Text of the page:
A great presentation touches on the most interesting aspects of a topic for a general audience, inspiring them to want to know more about that topic. The best talks put the presenter's enthusiasm on display and make new enthusiasts out of the audience. A story of a personal journey rarely achieves this goal; the best talks are about how to do something, or how something works, or hidden histories or unheard voices.
Gentle readers, does this inspire you? If so, submit your proposal here. The application deadline is 11:59pm, Oct 2. You will be notified whether you are successful or not on Oct. 7. Presentations for Ignite 12 start at 6:30 pm on Nov. 7.

Monday, September 23, 2019

Debunking the myth of "distracted walking"

A pedestrian crossed Plymouth Road at a RRFB, photo by Erich Z.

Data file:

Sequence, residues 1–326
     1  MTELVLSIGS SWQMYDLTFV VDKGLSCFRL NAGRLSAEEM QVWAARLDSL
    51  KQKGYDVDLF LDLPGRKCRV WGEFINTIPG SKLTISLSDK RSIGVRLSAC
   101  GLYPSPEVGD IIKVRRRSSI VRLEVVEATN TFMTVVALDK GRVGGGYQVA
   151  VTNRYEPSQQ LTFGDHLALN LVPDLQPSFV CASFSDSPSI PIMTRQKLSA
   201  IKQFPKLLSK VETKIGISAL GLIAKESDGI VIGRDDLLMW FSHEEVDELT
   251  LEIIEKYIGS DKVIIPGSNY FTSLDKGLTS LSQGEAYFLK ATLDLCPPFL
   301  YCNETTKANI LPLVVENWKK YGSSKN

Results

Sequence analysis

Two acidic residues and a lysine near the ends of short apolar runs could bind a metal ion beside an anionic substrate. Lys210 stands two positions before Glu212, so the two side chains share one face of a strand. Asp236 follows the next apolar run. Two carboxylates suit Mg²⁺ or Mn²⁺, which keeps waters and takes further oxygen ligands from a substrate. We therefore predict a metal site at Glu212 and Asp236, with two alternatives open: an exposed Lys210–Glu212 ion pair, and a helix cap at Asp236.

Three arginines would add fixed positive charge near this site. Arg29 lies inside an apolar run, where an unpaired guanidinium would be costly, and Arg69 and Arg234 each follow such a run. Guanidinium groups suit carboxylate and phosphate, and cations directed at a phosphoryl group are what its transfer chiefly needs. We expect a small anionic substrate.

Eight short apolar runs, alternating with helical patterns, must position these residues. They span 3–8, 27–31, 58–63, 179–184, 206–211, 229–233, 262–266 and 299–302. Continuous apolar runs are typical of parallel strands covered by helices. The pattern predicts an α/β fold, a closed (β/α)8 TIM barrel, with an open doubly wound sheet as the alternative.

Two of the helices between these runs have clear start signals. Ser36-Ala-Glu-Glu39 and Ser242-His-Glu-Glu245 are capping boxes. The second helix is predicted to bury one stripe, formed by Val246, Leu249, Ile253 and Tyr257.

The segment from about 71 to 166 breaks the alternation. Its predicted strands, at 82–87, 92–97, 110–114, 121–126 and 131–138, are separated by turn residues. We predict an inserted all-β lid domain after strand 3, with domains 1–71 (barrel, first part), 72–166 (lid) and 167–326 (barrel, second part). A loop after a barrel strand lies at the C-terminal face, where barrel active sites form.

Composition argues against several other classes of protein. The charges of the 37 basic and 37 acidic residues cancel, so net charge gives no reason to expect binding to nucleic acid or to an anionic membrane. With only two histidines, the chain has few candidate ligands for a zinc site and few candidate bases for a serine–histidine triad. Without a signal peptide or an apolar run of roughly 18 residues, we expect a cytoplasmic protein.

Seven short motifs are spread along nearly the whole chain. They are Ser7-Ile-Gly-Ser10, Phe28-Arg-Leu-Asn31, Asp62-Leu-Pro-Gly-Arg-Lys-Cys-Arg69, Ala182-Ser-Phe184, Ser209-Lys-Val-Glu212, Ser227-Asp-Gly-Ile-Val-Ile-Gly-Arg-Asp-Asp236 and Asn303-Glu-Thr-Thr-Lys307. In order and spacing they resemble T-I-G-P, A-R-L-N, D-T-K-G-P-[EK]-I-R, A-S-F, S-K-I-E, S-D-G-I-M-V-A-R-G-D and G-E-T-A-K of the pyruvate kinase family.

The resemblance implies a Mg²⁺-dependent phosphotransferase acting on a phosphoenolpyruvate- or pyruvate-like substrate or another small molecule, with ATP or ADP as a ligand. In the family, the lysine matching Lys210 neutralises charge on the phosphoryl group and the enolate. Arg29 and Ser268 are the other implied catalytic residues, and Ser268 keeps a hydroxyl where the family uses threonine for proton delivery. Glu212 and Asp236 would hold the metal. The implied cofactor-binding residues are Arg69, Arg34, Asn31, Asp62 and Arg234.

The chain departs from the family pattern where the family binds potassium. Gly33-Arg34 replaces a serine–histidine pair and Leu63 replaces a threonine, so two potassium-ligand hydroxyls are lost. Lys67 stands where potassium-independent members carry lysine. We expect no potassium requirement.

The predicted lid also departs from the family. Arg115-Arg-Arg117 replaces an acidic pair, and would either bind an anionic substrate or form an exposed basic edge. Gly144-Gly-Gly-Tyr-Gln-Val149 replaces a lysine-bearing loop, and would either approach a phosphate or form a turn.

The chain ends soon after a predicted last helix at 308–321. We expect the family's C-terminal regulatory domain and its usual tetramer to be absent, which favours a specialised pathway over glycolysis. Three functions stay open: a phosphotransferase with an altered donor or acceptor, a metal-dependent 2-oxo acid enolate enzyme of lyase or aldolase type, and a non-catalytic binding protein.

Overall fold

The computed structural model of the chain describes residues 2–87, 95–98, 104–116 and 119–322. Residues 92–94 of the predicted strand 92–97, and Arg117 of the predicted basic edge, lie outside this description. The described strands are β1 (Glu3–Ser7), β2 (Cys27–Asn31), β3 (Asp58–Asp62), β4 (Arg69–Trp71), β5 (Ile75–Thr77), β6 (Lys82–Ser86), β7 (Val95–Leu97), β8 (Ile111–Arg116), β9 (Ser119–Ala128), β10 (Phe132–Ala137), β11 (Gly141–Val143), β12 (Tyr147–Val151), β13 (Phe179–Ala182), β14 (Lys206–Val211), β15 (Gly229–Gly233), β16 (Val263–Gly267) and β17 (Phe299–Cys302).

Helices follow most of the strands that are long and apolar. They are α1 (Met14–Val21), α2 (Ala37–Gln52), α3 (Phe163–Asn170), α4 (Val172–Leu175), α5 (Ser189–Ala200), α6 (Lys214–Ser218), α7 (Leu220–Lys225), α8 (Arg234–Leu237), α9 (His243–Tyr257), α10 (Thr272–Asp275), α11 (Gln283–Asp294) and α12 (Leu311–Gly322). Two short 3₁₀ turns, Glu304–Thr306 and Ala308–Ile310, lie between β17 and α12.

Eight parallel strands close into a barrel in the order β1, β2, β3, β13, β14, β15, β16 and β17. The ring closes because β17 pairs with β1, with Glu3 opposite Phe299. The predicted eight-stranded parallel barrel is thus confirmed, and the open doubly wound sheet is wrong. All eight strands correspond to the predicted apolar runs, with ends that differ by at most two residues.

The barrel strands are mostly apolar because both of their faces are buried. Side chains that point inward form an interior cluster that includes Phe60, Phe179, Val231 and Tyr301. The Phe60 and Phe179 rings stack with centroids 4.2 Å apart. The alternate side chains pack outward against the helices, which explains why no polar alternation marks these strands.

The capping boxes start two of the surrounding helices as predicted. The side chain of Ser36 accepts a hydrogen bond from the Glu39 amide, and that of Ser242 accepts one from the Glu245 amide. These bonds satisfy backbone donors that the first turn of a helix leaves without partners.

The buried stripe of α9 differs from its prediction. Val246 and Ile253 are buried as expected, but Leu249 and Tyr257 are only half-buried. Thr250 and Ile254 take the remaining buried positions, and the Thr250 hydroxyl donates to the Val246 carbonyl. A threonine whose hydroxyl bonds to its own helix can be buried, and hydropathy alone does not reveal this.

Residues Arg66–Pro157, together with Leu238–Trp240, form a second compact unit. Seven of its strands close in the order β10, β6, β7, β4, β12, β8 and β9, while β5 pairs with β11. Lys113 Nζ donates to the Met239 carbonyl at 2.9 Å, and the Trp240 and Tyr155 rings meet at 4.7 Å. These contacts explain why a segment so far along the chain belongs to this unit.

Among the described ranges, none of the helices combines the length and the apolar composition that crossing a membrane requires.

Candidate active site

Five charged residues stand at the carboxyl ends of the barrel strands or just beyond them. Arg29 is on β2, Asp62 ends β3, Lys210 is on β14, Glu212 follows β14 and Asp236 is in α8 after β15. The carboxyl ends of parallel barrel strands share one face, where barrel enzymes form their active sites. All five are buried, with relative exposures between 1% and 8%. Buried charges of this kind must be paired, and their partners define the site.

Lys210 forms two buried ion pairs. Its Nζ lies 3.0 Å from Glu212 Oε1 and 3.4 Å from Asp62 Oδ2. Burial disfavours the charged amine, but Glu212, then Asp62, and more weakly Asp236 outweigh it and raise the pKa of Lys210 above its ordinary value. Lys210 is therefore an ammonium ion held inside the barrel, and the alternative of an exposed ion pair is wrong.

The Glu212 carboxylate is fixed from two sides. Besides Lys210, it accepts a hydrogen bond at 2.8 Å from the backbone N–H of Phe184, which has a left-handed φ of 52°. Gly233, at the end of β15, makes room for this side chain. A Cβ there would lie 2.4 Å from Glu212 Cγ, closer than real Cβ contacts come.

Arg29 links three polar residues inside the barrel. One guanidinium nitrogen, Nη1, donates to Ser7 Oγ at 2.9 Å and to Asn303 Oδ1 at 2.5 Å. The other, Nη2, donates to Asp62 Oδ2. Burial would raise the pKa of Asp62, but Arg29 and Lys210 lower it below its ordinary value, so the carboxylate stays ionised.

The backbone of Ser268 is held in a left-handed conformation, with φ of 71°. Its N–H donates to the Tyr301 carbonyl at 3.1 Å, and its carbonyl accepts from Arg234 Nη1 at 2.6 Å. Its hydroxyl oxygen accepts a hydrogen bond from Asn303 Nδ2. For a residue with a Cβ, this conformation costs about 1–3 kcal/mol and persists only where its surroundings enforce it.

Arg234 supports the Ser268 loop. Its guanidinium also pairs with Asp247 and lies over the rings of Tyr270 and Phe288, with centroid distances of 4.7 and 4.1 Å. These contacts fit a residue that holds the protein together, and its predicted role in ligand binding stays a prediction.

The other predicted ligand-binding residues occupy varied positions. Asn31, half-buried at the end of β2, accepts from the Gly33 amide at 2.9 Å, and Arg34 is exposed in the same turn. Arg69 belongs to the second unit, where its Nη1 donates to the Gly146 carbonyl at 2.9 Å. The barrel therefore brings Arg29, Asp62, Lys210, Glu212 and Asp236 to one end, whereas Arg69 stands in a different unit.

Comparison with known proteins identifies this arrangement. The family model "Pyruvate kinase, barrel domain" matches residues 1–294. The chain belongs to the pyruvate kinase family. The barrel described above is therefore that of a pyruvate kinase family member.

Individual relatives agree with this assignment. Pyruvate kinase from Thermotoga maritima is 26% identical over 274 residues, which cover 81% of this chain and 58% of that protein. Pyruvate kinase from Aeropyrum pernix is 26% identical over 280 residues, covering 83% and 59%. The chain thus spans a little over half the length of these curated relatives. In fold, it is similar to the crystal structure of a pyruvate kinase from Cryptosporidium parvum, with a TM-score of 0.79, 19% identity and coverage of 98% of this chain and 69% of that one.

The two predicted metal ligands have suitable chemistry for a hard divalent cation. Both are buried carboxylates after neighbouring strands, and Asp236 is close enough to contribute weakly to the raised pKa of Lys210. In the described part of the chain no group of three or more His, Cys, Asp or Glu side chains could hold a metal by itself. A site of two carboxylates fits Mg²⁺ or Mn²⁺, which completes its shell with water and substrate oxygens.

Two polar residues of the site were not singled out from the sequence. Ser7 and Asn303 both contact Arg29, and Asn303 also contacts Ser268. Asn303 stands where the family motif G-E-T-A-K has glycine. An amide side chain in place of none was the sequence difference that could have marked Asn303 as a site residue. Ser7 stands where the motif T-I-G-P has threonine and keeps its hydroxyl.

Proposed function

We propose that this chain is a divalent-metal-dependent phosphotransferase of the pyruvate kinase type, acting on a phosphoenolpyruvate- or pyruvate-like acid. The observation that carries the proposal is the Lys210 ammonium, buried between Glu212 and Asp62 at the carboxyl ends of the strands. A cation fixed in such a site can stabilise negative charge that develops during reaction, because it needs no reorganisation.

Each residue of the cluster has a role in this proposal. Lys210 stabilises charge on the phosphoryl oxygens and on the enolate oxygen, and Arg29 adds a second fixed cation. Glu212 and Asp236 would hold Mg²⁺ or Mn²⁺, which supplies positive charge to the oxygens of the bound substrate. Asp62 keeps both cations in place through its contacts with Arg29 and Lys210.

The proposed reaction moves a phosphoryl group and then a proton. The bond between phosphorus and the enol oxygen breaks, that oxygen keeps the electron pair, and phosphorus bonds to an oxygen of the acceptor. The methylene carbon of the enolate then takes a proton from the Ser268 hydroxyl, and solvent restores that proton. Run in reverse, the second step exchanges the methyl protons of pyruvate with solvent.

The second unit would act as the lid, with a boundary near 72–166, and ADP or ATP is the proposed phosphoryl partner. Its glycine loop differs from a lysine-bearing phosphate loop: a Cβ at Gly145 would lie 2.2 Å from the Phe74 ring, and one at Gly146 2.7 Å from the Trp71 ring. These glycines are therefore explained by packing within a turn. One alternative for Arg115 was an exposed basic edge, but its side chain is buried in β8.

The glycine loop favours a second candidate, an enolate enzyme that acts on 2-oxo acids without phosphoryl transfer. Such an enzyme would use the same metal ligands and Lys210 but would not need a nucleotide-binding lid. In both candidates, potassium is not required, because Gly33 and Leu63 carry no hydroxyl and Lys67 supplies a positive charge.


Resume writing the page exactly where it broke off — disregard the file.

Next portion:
At the July 29th Pedestrian Safety meeting at City Hall, several people made statements that went along these lines:

Drivers bear some responsibility for pedestrian safety. Pedestrians also bear responsibility. Distracted driving and distracted walking are contributing to crashes and as a community, we need to address both these issues.
To be clear, I am paraphrasing, but there were several people who spoke who brought forth the specter of distracted walking. Intuitively, this argument didn't quite sit right with me. My general thought process was something like what follows. A fast-moving pedestrian is six times slower than a slow-moving car. If you are reading a book or looking at your phone while walking, it is easy to detect changes in your environment by glancing up and using your peripheral vision. Human reaction time is generally sufficient to deal with most scenarios we encounter while walking, even when we are distracted. On the other hand, in a car, your audio and visual perception is limited and you are traveling much more quickly. It does not seem like distracted walking would be a significant contributor to the problem of drivers striking pedestrians with their automobiles.